This is a casual tour. Casual wear is suggested for sightseeing and daytime travelling. Dress code for evenings is casual. Suit jackets for men and dresses for women are never required on the Caravan’s Costa Rica tour. It is recommended to wear drip-dry clothing (such as that offered by Columbia, ExOfficio and Travelsmith) in the rainforest. Shirts with long sleeves and long pants are recommended for rain forest and cloud forest hikes. Pants that zip at the knee to convert into shorts are very comfortable in the rainforest.  See Travel Planner: General Clothing Tips
You have to exercise caution when renting a car in Costa Rica; where it is not uncommon for rental companies to claim "damage" they insist you inflicted on the vehicle. It is by far the best policy to rent a car through a Costa Rican travel agent. If you are travelling on a package, your agent will sort this out. Otherwise, go into an ICT-accredited travel agent in San Jose and ask them to arrange rental for you. This should be no more expensive than renting on your own and will help guard against false claims of damage and other accusations; rental companies will be less willing to make trouble with an agent who regularly sends them clients than with individual customers who they may not see again.
Kathryn, you definitely don’t need hiking boots (over the ankle) for Costa Rica. Trail runners or even just regular running shoes will suffice. The only reason why we recommend having something other than chacos, is because you will need closed toe shoes for some activities like ziplining, horseback riding, etc. Parts of San Jose can be a bit dangerous, so depending on where you are staying running alone may not be the best idea, but outside of San Jose it’s pretty safe, especially during the day. Hope you enjoy your time in CR!

Due to the insurance, the price you see online is a lot more expensive than you may think, we suggest adding the insurance on to your booking to ensure you aren’t met with a surprise cost addition when you land in Costa Rica. For 25 days we were able to get a small 4×4 for $436 from Alamo and had a great experience. Read more about renting a car abroad here.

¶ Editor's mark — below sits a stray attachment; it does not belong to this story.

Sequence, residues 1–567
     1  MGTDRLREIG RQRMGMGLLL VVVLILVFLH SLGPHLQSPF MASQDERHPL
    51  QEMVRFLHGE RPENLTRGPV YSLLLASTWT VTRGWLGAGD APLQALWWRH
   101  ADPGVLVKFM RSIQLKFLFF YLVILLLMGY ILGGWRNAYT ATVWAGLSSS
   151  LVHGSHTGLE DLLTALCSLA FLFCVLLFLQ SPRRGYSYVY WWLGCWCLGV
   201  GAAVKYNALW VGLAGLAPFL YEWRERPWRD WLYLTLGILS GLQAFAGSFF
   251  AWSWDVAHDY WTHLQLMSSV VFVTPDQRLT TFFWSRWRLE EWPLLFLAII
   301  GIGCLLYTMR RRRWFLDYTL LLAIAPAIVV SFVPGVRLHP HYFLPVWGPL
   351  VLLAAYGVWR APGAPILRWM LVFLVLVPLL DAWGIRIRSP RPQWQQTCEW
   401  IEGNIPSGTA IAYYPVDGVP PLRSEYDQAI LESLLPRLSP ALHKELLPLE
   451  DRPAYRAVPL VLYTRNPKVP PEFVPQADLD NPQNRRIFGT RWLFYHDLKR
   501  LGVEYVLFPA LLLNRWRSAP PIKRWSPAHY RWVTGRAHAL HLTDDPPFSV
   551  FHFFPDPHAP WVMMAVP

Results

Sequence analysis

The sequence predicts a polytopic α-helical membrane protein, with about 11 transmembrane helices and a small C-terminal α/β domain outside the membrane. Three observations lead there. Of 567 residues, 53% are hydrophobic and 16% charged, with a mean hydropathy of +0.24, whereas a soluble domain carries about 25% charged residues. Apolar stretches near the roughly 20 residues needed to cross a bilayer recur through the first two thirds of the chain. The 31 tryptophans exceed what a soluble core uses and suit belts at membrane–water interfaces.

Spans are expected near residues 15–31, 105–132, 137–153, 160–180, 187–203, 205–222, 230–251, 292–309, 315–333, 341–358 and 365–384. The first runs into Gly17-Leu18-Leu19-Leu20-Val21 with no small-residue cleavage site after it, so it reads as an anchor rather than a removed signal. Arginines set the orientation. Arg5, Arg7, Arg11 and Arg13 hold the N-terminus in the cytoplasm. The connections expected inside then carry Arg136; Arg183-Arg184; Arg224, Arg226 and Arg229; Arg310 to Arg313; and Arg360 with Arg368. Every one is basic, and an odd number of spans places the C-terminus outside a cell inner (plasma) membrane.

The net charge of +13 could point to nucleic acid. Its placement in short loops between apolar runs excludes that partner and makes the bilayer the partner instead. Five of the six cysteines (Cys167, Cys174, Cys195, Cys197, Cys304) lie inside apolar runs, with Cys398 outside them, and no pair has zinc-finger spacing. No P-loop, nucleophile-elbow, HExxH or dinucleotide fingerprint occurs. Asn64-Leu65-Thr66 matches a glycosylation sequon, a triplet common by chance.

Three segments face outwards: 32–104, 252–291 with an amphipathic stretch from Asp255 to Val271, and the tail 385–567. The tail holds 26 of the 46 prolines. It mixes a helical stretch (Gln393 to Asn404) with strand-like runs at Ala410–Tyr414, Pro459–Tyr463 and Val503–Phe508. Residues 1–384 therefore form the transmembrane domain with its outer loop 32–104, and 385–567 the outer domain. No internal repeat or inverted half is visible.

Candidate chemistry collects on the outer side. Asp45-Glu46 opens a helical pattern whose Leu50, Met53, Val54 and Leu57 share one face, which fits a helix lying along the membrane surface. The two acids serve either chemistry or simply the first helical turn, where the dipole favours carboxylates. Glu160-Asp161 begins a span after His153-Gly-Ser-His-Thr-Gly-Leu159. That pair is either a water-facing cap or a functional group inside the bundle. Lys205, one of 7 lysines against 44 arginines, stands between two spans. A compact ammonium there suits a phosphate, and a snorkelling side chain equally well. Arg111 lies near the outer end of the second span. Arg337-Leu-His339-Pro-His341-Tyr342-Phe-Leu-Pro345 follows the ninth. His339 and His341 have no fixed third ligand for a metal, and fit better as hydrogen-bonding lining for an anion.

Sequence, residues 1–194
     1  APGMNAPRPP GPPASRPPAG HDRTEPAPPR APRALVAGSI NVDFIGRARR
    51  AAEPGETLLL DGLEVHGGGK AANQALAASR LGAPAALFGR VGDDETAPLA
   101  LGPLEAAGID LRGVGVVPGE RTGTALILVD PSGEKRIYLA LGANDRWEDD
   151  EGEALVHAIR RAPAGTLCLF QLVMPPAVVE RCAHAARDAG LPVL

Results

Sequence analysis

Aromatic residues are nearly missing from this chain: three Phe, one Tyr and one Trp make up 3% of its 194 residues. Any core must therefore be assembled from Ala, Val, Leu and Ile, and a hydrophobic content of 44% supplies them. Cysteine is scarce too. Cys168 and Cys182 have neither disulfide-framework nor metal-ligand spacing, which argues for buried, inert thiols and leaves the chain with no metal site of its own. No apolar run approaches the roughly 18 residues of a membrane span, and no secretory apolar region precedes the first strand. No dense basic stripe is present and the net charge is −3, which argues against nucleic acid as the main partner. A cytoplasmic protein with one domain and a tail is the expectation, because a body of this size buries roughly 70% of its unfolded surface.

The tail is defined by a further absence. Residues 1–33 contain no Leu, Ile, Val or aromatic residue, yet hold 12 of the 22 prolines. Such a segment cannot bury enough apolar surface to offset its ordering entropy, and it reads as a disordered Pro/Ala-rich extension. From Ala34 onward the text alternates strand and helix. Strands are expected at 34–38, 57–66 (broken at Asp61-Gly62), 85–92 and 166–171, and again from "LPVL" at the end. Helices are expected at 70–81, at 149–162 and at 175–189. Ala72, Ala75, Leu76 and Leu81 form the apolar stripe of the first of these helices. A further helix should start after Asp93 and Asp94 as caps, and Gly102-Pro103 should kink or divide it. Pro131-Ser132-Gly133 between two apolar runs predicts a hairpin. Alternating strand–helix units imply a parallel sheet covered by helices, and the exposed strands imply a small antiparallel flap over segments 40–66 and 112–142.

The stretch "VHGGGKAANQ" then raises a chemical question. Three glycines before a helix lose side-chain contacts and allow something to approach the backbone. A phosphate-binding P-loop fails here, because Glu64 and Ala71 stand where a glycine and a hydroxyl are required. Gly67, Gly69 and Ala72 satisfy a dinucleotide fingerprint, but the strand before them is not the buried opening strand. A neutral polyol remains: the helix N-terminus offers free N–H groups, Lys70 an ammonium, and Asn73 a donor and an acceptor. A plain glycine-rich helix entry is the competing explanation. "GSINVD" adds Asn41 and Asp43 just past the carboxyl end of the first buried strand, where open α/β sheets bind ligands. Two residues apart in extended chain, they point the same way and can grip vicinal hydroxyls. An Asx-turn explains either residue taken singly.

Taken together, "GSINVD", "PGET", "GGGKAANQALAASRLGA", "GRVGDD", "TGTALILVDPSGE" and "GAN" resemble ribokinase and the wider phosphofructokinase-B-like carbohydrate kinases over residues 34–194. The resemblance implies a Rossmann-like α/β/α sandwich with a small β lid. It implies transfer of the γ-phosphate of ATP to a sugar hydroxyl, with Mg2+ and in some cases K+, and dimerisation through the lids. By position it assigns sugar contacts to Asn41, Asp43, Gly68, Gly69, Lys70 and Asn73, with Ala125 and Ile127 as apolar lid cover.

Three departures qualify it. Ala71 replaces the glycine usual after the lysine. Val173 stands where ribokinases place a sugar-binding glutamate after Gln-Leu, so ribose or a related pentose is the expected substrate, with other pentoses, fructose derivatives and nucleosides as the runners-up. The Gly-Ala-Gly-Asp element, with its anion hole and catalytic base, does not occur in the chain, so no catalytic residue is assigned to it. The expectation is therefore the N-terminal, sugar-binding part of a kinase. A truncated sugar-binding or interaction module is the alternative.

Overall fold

The Pacific side generally experiences the Dry Season from December through April and the Green Season from May through November. The mountainous southern Pacific zone of the country experiences the highest precipitation totals from July through November. The drier northwest Pacific coast has a shorter period of heavy rains lasting from the September through October.   
Sitting perfectly between the North and South American continents gives Costa Rica yet another benefit for curious travelers – the sheer amount of flora & fauna you can find! About 3-5 million years ago, the South and North American continents met – and the land-bridge between them is Costa Rica. The two drastically different collections of plants and wildlife started to mix, and it’s their descendants found in Costa Rica today!  Costa Rica is only the size of the USA state of West Virginia – but it contains literally hundreds of endemic species: creatures that can’t be found anywhere else in the world. Bird and animal lovers can schedule tours specifically to see the stunning wildlife– like a Safari Float down the Penas Blancas River (keeping an eye out for sloths, monkeys, caimans, and more!) or visiting the amazing Butterfly Garden at Peace Lodge. A hike through a National Park is a great way to sight-see, and an experienced eagle-eyed naturalist guide will help you spot the more elusive animals. The adventurous-at-heart might plan a tour of the Tarcoles River – renowned for its massive crocodiles. Even without a specific tour, guests might spot Costa Rica wildlife while out and about. Or possibly without leaving the resort – colorful toucans, vibrant parrots, curious coatis, and relaxed iguanas have been known to show up in hotel gardens!